Monday, September 12, 2016

A Lego Elves Birthday party

L, on the right, at her 7th Birthday party.
Our eldest daughter, L, celebrated her 7th Birthday on Sunday. She was allowed to invite seven friends for her seven years of living (an idea I got from Animal Miracle Vegetable).

We chose to hold the party at home, which was slightly nerve-wracking since our house is small and it would have been chaos if bad weather trapped us inside. Happily, God blessed us with a beautiful sunny weekend, so we were able to spread outdoors. Phew!

Our party theme was Lego Elves, since we all love playing with Lego around here. I made a Welcome to Elvendale sign for the front door, and L's little sister and baby brother got in on the crafty action too, making gorgeous signs for the bottom half of the front door...

Because we are trying to reduce the amount of waste we send to landfill, we didn't use balloons or other disposable party decorations. Instead, I made flower and ice sculptures to adorn the path leading up to the front door. (I just mixed flowers with water and froze them in ice cream containers. Easy, and pretty. Perfect for an elvish-themed party.)

Paul, being the games-master he is, designed a Lego Elves themed party game, which all the kids loved.

You can see in the next photo, Paul is holding a treasure box with four coloured keyholes on it - one for each of the Lego Elves elements - air, earth, water and fire. Paul face painted all the party guests as Lego Elves, and them sent them off to find the key pieces (Duplo) and assemble them to unlock the box.

Air key pieces were hiding on top of the trampoline, which Paul had covered with white sheets. Kids had to bounce (fly) and knock them off to collect them. The round purple sign clued kids in on where to look.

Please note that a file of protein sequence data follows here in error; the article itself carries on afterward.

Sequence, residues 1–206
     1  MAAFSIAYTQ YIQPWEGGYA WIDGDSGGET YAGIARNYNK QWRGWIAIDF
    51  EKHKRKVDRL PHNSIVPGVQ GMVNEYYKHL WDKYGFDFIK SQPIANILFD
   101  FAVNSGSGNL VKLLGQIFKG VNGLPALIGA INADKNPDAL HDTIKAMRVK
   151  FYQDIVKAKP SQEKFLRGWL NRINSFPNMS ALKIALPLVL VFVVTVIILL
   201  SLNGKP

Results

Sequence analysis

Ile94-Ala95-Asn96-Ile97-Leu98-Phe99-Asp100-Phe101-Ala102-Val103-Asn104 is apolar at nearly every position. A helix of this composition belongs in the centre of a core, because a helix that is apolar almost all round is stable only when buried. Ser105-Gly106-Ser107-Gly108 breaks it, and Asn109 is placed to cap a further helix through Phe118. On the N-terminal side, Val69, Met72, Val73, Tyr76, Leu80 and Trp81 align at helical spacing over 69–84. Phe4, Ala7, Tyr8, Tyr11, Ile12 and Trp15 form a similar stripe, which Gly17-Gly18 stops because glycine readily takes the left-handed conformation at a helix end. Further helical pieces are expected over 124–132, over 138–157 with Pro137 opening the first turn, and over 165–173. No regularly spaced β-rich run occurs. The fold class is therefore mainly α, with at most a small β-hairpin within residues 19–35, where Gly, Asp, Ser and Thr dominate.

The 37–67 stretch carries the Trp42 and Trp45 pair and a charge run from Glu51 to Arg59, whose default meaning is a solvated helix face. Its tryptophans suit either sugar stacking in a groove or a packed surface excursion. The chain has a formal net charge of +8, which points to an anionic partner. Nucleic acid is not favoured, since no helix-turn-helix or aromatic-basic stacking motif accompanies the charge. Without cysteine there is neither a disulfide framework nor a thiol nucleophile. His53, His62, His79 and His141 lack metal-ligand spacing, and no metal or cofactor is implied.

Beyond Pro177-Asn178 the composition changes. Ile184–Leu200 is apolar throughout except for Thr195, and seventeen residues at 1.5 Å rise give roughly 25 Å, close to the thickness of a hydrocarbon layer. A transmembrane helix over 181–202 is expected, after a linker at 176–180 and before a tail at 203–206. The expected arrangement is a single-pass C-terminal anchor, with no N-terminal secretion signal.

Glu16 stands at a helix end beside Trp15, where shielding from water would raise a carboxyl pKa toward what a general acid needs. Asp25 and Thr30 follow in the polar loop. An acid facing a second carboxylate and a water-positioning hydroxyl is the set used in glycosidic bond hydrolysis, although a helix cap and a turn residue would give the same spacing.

Water key pieces were hiding under bubbles in the paddling pool.

Earth key pieces hid under a pile of mulch. Paul and I were impressed with the determination of the team who dug those pieces out.

Fire was my favourite challenge. Kids had to crawl through a maze in Paul's dark office to find the red fire pieces, with only a couple of torches to light their way. It looked so fun.

On the back of each of the round element symbols, Paul drew a diagram which showed how to assemble the Duplo blocks into a key. Once the four teams had assembled their keys, they were able to unlock the box and retrieve their treasure (golden Cadbury crunchie bars and other lollies).

For the children who wanted a quiet activity to do, we laid out Lego on the coffee table.
A couple of girls got so involved with Lego building, they didn't even want to stop and eat afternoon tea, and it was a sweet spread. Literally.

I made mini vanilla cupcakes and iced them with white chocolate icing, sprinkles and sugar butterflies. I also made ambrosia, which we served in small paper cups. We had to have fairy bread, since that is Paul's prerequisite party food and we also served carrot and cucumber crudites and crackers with dip so there was at least one healthy choice on the table.

My sister-in-law, Mandy, made a beautiful Lego Elves Birthday cake (she's so talented), and I quickly heated croissants in the oven for another quick savoury snack. It wasn't the healthiest of party spreads, but hey, if there's ever a time to have party food, it's at a party. We served it all on actual crockery from our kitchen (no disposable plates in sight).

After everyone had eaten and played their Lego Elves game, they played Pass the Parcel on the trampoline (L's favourite party game), and then we took all the kids over to our local school to burn off energy on the adventure playground. Again, I was so grateful for the good weather that allowed us to do that. 

All in all, the party was a smashing success and I get to breath a big sigh of relief until our next kid's Birthday party, which is in, oh, six days. 


(This post was not sponsored by Lego. We are just huge fans.)

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